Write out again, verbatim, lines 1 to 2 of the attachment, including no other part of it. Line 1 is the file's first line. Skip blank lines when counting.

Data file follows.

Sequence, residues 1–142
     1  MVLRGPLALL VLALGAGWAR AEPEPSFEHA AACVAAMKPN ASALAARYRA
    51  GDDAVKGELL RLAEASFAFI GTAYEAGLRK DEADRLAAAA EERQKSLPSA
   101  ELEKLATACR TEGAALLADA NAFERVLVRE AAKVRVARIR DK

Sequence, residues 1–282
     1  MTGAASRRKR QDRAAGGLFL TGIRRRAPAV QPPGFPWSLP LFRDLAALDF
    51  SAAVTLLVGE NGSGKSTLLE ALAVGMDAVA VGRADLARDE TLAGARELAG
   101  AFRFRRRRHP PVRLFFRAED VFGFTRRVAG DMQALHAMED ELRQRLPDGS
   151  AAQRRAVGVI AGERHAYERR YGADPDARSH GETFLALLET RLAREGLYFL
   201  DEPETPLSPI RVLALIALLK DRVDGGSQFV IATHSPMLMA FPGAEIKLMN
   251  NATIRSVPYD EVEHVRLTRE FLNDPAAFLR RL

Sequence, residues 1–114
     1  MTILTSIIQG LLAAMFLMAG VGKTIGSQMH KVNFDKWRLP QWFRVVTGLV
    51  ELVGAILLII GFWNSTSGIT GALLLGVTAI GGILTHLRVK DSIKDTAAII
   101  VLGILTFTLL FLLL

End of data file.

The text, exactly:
Sequence, residues 1–142
     1  MVLRGPLALL VLALGAGWAR AEPEPSFEHA AACVAAMKPN ASALAARYRA